Locals share ideas for future of The Spit at first masterplan workshop

Locals and key stakeholders have taken the first steps towards shaping the future of the Southport Spit, attending a masterplan workshop over the weekend.

Over 50 community members kicked off a series of workshops at the Seaworld Conference Centre on Saturday to discuss their preferred vision for the future of The Spit.

Minister for State Development, Manufacturing, Infrastructure and Planning, Cameron Dick said he was appreciative for being giving up their time to share their community values, desired attributes and future ideas for an iconic part of Queensland.


“I am grateful for the time people have dedicated to attend, it shows a great sense of community spirit and pride” Mr Dick said.

“It’s clear through the enthusiasm of the attendees that these people are best placed to contribute to forming a vison for the future for The Spit.”

Gold Coast Acting Mayor, Councillor Donna Gates said Gold Coasters placed strong value on the Spit and its future conservation.

“The area needs a masterplan and has needed one for decades. Given it is State land, I welcome these workshops and am keen to ensure they result in action,’’ Cr Gates said.

“The idea of a central park has been proposed and I know Council, through its recycled water scheme, is willing to provide quality recycled water to allow the entire Spit to be kept green for everyone to enjoy.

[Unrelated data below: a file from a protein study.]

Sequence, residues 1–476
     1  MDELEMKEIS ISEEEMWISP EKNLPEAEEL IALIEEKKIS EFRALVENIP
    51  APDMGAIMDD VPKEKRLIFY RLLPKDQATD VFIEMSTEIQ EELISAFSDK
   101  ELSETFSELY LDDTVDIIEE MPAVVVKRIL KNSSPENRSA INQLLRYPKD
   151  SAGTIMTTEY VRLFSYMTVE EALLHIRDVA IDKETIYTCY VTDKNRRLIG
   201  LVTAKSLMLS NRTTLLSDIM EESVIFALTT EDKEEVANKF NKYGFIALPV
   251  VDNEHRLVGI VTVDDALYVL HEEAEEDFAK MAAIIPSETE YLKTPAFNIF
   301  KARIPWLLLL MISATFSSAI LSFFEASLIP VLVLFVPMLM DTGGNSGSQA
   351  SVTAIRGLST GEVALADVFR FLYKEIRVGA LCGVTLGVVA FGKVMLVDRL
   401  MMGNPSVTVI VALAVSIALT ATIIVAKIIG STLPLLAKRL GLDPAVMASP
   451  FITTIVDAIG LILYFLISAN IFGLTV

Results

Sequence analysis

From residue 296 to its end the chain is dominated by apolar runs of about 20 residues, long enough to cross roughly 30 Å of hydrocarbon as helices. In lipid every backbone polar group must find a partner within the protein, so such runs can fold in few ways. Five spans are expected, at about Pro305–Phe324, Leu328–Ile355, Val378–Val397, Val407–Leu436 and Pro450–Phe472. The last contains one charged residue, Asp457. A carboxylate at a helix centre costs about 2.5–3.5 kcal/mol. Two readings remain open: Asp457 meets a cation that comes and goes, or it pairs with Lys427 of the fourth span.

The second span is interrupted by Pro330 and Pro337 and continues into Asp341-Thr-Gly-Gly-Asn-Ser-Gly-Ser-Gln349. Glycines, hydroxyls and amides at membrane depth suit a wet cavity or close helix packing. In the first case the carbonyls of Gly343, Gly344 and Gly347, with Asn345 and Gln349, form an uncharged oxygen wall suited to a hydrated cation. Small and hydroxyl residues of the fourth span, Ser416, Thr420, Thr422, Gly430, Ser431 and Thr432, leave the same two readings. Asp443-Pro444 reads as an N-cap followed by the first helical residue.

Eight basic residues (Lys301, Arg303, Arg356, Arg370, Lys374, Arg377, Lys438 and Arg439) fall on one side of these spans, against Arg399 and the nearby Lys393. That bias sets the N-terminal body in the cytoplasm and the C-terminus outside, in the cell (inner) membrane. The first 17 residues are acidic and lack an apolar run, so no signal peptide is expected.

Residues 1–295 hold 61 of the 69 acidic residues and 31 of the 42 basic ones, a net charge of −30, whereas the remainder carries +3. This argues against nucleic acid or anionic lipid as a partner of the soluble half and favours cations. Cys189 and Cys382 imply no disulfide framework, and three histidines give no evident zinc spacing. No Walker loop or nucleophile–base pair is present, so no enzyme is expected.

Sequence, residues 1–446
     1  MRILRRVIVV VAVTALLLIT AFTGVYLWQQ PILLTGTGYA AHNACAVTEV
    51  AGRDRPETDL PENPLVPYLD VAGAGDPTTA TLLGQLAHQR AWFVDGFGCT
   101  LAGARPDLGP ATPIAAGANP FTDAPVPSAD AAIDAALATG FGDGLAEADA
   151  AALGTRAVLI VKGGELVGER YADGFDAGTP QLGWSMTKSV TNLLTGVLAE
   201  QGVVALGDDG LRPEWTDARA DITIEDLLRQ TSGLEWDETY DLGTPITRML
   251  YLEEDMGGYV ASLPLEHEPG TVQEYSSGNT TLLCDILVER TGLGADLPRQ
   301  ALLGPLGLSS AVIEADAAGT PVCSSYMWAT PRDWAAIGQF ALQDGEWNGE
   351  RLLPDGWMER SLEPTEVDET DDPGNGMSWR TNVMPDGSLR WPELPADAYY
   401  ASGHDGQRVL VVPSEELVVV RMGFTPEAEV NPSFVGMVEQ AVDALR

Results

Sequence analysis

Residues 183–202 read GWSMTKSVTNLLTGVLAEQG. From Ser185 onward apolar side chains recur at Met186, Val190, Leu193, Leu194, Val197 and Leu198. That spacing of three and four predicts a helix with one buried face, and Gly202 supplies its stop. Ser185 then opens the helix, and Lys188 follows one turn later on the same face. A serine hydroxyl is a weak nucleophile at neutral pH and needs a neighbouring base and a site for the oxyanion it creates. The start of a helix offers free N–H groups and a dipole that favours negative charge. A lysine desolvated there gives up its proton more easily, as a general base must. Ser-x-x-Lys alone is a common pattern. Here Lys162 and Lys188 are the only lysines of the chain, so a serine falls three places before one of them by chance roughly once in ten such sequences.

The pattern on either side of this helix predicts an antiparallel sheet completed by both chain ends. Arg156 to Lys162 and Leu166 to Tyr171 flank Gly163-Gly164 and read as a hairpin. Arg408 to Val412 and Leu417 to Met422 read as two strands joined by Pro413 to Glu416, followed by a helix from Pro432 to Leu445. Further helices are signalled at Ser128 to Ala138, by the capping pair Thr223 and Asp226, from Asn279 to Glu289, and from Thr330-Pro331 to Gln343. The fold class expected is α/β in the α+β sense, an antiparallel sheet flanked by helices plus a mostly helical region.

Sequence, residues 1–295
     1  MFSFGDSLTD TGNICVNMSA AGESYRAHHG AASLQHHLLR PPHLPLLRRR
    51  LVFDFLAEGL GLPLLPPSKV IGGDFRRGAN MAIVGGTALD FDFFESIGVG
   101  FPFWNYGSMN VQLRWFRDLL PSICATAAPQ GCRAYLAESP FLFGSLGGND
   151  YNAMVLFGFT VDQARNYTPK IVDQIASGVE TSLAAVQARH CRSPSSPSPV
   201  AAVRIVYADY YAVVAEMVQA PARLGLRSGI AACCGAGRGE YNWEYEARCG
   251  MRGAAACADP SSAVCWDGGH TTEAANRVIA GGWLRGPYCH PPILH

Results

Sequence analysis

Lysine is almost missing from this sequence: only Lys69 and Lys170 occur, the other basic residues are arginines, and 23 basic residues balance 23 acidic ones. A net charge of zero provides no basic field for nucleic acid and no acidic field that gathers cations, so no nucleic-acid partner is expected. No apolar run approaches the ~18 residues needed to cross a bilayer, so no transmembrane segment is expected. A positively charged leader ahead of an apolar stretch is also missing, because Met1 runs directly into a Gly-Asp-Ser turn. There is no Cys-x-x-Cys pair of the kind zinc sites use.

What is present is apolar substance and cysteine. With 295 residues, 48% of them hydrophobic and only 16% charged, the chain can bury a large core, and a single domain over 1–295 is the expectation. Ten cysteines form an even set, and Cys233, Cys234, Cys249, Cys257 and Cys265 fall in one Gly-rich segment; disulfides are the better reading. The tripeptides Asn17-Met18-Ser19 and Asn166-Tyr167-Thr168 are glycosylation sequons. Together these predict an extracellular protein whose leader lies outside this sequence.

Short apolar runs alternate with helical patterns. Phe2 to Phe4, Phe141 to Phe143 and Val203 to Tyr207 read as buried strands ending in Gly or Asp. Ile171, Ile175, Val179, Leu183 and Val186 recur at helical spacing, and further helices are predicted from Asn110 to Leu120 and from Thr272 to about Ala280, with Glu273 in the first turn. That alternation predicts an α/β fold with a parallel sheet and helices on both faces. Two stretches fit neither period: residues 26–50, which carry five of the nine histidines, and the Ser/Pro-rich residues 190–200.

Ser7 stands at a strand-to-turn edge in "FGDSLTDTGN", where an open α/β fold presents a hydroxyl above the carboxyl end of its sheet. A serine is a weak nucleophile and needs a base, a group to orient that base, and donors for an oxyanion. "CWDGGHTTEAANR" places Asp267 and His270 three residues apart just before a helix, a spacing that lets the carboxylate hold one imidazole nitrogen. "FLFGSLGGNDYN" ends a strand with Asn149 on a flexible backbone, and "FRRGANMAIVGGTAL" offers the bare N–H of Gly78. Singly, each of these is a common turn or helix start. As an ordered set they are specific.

”My strong desire is to ensure there are firm actions at the end of this lengthy community consultation and that the result is what the community wants.’’

Gold Coast Waterways Authority board chair Mara Bun said that waterways are complex environments requiring responsible management and nowhere is this clearer than on The Spit.

“One of my Board’s highest priorities is to place a greater focus on sustainable, integrated waterways management,” Ms Bun said.

“The Spit Master Plan is therefore about planning for the waterways as well as the land and it’s important that we recognise the economic opportunities for all residents and visitors whilst sustaining environmental values well into the future.”

Mr Dick said the weekend’s workshop wasn’t the first step in hearing what the Gold Coast community wanted for the Spit.

“During the initial consultation period in February and March, we received more than 2,800 pieces of community feedback through a range of activities including pop up sessions and an online survey,” he said.

“Seventeen pop up sessions were held throughout February and March at key locations across the Gold Coast.

“Over the two month period, more than 880 community members attended sessions to provide their input and ask questions.

“Having community members have their say at the pop up sessions or via the online survey has been a vital step in the master planning process,” Mr Dick said.

“The feedback provided has helped us understand the community’s appreciation of current conditions, opportunities and challenges and, importantly, aspirations for the future of The Spit.

The remaining workshops will be held over three weekends in mid-July, late November and in early 2019.